Younger visitors may participate in educational events at the museum.

Facilities of National Museum of Military History

The NMMH has a total of 4 hectares of open area and 5000 square meters of interior display space.

Topics, chronology, and collections are used to arrange the museum displays. There are 28 000 exhibits on display out of a million treasures in our collection. The focus in the themed chronological galleries describing the growth of the Bulgarian Army is on the armed forces’ involvement in national unification conflicts. Weapons, decorations, and uniforms — the museum’s oldest and most valuable collections – are on display in the collection halls.

About 15 000 volumes of specialist literature are available in the library. It will soon provide onsite electronic access to the museum’s digital collections.

The museum storage facilities, which meet international requirements, cover 4 200 square meters.

The NMMH has temporary exhibition spaces – a 210 sq. m. hall, a 250 sq. m. hall, and a 480 sq. m. gallery; a 200 seat occupancy conference hall rigged for simultaneous translation in up to two languages; a 60 seat occupancy conference hall; a museum store; and a cafeteria – in addition to its permanent exhibition area.

History of  “National Museum of Military History”

With Tsar Ferdinand I’s directive No. 39 on August 1, 1914, a Military History Agency was founded at the Bulgarian Army Headquarters. It was decided shortly after that it would be made up of a museum, archives, and a library.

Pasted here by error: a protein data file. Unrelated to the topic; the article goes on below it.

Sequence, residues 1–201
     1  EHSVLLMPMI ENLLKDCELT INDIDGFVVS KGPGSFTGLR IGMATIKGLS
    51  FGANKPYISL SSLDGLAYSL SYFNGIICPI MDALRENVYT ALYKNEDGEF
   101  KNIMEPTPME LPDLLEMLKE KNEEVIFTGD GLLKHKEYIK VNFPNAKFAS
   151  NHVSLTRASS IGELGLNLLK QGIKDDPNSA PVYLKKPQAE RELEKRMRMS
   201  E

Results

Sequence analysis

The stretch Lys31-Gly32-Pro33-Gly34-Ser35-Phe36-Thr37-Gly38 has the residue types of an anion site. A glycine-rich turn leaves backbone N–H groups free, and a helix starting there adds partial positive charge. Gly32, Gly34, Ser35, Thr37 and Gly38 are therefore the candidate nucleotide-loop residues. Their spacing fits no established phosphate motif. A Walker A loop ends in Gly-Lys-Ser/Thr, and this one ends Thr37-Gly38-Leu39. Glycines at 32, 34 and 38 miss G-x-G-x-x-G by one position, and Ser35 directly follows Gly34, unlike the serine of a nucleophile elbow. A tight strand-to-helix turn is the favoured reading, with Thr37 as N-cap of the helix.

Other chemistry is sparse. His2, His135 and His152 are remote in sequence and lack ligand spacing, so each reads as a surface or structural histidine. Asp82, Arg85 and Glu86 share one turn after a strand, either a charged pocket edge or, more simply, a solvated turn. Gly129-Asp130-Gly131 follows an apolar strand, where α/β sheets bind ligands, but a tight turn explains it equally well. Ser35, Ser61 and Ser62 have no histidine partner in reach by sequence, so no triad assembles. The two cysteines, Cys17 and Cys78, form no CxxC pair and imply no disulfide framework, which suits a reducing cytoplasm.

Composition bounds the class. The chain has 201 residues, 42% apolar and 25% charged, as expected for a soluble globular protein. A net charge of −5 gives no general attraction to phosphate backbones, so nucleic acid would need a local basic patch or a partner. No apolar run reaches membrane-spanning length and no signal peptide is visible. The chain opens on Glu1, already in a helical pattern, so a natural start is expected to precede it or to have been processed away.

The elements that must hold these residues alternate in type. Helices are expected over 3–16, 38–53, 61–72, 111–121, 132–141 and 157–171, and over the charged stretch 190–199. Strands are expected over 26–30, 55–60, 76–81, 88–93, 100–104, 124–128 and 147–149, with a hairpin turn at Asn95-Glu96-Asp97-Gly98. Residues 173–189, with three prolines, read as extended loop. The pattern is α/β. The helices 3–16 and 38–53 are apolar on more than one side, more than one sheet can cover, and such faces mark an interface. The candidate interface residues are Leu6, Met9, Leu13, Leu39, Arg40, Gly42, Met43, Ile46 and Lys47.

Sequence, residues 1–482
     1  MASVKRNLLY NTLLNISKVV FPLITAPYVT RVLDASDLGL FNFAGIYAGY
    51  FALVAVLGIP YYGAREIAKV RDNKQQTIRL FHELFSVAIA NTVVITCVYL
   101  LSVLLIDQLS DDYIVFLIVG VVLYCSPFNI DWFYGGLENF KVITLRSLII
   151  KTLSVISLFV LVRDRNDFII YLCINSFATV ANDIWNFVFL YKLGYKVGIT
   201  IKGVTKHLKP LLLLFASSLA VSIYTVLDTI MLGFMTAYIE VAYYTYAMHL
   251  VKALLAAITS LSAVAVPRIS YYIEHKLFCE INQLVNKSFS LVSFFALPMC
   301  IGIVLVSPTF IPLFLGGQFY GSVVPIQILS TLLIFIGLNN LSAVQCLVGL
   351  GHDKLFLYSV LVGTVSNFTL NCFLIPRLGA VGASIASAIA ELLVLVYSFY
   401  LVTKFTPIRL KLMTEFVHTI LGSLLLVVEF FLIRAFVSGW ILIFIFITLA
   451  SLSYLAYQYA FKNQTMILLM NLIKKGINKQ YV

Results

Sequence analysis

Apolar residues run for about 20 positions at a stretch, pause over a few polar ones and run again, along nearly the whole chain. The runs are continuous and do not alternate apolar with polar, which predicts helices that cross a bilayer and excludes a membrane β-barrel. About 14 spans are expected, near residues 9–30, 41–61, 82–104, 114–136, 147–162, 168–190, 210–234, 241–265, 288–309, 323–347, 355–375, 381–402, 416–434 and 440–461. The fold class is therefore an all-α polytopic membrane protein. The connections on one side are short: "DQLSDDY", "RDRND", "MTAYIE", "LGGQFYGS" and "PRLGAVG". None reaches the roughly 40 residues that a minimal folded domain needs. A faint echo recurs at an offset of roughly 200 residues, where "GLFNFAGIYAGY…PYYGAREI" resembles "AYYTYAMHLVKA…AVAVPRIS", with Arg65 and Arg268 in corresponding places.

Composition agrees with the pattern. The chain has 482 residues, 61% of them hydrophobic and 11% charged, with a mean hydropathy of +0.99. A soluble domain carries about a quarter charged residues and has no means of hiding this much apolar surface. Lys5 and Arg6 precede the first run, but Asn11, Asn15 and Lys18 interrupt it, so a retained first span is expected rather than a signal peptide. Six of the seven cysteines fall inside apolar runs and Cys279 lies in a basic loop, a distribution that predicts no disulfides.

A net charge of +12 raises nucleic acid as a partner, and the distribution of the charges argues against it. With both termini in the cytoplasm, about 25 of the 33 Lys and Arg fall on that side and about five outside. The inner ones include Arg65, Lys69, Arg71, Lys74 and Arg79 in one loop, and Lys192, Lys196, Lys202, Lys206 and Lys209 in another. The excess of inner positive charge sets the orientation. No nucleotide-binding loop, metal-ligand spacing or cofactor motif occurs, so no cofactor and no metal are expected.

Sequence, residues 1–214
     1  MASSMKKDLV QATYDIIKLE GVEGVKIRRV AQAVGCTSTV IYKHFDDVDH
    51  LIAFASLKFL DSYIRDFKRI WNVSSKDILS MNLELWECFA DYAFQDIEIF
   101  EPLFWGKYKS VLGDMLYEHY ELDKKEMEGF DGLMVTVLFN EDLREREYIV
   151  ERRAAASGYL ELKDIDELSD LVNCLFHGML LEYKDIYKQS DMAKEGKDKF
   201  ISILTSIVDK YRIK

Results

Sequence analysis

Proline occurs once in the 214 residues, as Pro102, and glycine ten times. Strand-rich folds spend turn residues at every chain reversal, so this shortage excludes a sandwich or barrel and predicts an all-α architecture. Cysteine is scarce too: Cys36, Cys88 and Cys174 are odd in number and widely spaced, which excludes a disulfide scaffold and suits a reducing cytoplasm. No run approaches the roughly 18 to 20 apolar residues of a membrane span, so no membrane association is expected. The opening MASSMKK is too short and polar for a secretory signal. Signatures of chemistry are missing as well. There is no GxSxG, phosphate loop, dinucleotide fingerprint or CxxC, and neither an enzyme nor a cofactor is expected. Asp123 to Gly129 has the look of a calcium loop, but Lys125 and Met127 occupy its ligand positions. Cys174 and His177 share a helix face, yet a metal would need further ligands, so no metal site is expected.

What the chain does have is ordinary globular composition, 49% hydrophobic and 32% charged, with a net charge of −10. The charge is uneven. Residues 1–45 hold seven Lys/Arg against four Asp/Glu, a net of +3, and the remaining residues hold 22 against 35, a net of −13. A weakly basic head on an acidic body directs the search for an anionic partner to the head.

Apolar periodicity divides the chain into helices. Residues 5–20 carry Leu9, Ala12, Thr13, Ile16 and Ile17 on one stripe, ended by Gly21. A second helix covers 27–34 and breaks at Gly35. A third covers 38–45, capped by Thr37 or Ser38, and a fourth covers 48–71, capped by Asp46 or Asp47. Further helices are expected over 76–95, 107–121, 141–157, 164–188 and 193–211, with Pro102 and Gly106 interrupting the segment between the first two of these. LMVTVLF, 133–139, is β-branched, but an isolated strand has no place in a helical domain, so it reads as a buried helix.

The establishment of the museum collections is started by order No. 391 of the Commander-in-Chief of the Operative Army, dated 04 July 1916, “… in order to preserve for all eternity all things associated to the events which mark the most significant chapters in our military history…”

Following the breakup of the first Bulgarian National Museum into two museums – the Archaeological and the Ethnographic – in 1906, the Military Museum became the third national museum institution.

The Main Military Museum’s inaugural exhibition did not open until May 12, 1937, at 15, Moskovska St., in a building leased from the Sofia Officer’s Assembly. The museum was renamed Central People’s Army Museum in 1949. The Museum moved to 23, Gen. Skobelev Blvd. in 1950–1951, where it debuted a new exhibition in 1952.

The Naval Museum in Varna became a part of the NMMH in 1956. In the same year, the first restoration workshop began for business.

The team from the Military Museum established the only Museum of the First Bulgarian Army on foreign land after a 1967 government agreement between Bulgaria and Hungary.

The museum was elevated to the status of a national institution and renamed National Museum of Military History by a decision of the Council of Ministers of the People’s Republic of Bulgaria in 1968. Its branches were the Naval Museum and the Park-Museum of Military Friendship – 1444 “Vladislav Varnenchik” in Varna.

The scholarly magazine “Bulletin of the National Museum of Military History” was launched in 1973. The “Annual of the Naval Museum” was launched in 2001.